The Moon’s an ideal object to start your observing odyssey because it is big, bright and covered with amazing detail. Roughly one-quarter the size of the Earth, our close companion always displays the same face towards us, a result of tidal forces in the Earth-Moon system synchronising its rotation to match its orbital period.
At any one time, half the Moon’s globe is lit by the Sun.
Throughout the course of an orbit we get to see different amounts of the lit hemisphere, giving rise to the Moon’s phases.
Lined up with the Sun, the Moon’s lit half points away from us, producing what’s known as a new Moon.
Slowly emerging from its new phase into the evening sky, the lunar crescent thickens from one day to the next.
The term ‘waxing’ is used to indicate this thickening phase.
The waxing crescent leads into the first quarter Moon, appearing as an illuminated semi-circle, roughly a week after new.
Even with the naked eye, on a clear night the Moon is a beautiful spectacle to behold.
‘First quarter’ refers to the fact that the Moon has completed one-quarter of its orbit.
The bulging phases after first quarter are known as waxing gibbous.
These increase in size until roughly two weeks after new, the Moon is on the opposite side of its orbit from the Sun and appears fully lit as a full Moon.
After this the phases reverse, and the illuminated part of the Moon begins to shrink or wane.
After passing through the waning gibbous phases, the Moon reaches the three-quarter point of its orbit, giving rise to the ‘last quarter’ phase.
The Moon takes the appearance of a semi-circle once again, although it’s the opposite half that is illuminated than that at first quarter.
After this, it takes approximately a week for the Moon to go through its waning crescent phases, visible in the early morning sky, before it once again becomes new and the whole cycle starts again.
The dividing line between the lit and dark portions of the Moon’s surface is called the terminator.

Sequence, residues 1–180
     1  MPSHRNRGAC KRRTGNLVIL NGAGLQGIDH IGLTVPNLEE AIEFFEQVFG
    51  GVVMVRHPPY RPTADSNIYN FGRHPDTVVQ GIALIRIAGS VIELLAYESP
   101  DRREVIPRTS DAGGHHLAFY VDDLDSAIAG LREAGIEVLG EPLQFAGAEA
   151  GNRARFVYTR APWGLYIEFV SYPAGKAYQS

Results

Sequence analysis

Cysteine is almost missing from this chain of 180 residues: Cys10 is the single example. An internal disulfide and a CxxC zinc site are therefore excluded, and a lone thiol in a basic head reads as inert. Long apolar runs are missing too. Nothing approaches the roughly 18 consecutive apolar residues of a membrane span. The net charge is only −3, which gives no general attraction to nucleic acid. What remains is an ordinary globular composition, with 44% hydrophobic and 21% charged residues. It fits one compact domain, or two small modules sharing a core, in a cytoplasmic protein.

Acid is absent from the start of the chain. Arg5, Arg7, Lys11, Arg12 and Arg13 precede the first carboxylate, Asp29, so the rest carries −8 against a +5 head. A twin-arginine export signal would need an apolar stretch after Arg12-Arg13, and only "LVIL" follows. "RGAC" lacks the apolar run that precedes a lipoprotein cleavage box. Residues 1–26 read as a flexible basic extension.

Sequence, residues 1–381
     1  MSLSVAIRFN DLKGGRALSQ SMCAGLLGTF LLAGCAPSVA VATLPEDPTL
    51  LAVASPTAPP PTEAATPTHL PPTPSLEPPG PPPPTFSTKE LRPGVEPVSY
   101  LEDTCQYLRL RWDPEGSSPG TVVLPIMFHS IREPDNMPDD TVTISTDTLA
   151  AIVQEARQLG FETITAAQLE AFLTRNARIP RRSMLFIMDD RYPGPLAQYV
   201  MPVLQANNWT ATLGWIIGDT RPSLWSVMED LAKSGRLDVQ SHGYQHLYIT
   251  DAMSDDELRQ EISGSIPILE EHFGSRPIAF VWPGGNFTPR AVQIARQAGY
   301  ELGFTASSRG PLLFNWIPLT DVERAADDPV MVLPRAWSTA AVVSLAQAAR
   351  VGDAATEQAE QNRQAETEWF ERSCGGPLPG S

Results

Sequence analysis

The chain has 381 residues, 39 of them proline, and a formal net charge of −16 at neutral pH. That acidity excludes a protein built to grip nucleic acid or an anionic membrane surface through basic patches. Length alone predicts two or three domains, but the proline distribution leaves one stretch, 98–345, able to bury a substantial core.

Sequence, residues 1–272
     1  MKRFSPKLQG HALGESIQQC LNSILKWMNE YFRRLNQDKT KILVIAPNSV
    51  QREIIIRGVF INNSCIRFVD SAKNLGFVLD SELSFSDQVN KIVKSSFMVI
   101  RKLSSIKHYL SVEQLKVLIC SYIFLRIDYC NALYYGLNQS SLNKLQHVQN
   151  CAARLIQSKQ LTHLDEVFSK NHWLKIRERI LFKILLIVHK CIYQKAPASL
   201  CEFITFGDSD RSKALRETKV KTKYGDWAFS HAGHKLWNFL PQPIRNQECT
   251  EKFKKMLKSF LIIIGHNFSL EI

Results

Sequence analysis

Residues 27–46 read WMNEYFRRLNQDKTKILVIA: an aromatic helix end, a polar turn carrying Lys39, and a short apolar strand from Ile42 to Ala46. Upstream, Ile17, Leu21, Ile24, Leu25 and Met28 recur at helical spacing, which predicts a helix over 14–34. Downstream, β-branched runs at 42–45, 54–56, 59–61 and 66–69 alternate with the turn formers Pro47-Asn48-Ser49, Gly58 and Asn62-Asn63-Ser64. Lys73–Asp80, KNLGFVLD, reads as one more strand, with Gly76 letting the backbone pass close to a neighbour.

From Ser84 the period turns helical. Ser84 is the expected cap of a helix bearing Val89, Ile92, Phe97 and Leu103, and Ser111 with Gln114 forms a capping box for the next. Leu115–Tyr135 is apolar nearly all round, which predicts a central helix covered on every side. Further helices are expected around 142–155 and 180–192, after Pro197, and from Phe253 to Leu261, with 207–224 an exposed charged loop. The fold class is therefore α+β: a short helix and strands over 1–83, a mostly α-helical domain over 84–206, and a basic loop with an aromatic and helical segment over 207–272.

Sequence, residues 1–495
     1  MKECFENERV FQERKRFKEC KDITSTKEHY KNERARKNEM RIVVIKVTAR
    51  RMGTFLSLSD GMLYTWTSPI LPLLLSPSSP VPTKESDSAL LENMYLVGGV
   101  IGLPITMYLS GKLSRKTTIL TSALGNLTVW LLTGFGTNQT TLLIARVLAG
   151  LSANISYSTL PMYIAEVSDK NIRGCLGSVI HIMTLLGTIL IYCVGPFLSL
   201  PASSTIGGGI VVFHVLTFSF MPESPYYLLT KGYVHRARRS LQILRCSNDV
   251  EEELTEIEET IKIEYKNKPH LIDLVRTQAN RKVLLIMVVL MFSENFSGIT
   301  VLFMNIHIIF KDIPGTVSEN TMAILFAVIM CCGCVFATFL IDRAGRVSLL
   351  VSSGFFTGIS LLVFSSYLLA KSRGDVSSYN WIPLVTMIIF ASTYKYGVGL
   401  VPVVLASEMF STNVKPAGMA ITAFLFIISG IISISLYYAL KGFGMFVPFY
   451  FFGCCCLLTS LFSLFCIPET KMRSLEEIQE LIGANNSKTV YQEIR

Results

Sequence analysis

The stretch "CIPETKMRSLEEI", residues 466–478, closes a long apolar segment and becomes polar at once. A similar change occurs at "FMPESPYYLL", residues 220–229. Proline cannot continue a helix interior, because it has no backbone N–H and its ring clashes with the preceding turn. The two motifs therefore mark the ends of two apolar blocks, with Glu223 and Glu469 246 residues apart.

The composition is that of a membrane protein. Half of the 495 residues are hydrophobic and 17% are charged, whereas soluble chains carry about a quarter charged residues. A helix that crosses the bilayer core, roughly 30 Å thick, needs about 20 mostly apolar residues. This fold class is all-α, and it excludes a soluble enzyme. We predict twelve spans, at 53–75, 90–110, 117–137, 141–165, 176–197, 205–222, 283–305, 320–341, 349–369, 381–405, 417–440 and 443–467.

If you stood in the lit portion close to the terminator, the Sun would appear low and you’d be casting a dramatic shadow behind you.
As you travelled further into the lit portion, away from the terminator, the Sun would climb higher and your shadow would shorten.
The same effect occurs with the physical features on the lunar surface.
Those which lie close to the terminator cast dramatic shadows which exaggerate their presence.
Those further from the terminator show hardly any shadows and are harder to make out.
So ironically, the worst time to observe the Moon is when it’s full because then, hardly any feature shadows are visible.
The Moon’s orbit is elliptical, meaning its distance from Earth changes slightly over time.
When closest it speeds up slightly and slows down when more distant.
This small variation is enough to give us a chance to see a little more around the Moon’s eastern and western edges.
The Moon’s orbit is also slightly inclined and this causes it to sometimes appear above the Earth’s orbital plane and sometimes below.
This gives us an opportunity to peek over the top, and under the bottom, of the Moon over time.
Taken together, this rocking and rolling action, known as libration, allows us to see a total of 59 per cent of the Moon’s globe, sometimes revealing tantalising features normally hidden from view.
The upshot of all this variation is that any view of the Moon is as exciting as those that have taken place before it.
So the next time you get a clear night and the Moon’s up, don’t pass up the chance to take a look at this tantalising world.
Three ways to observe the Moon
It’s easy to see the progression of lunar phases with the naked eye.
When the Moon is a slender crescent in the evening or dawn twilight, it is sometimes possible to see its dark portion gently glowing due to sunlight reflected off planet Earth.
This effect is known as earthshine.
Your eyes can also see the major lunar seas, or maria.
These huge darkened areas are the result of massive impacts forming basins which have subsequently filled with dark lava.
Binoculars increase the detail you’ll see.
As well as dark seas, you’ll now be able to spot individual craters, especially those close to the terminator.
The smallest craters you’ll be able to pick out will depend on how still you can hold your binoculars, but a pair of 7x50s should be able to see features comfortably down to about 50km across.
Large mountain ranges can also be seen.
Like craters, these are best picked out when the terminator is nearby.
A telescopic view of the Moon is an amazing one that never gets old.
At low powers, the amount of detail is breathtaking, and close to the terminator relief shadows really help to emphasise detail.
Upping magnification by using shorter focal length eyepieces will get you in closer and give you opportunity to ‘roam’ around the lunar landscape.
Here you’ll encounter craters, mountains, valleys and cracks in the lunar surface known as rilles – a whole new world.
Pete Lawrence is a presenter on The Sky at Night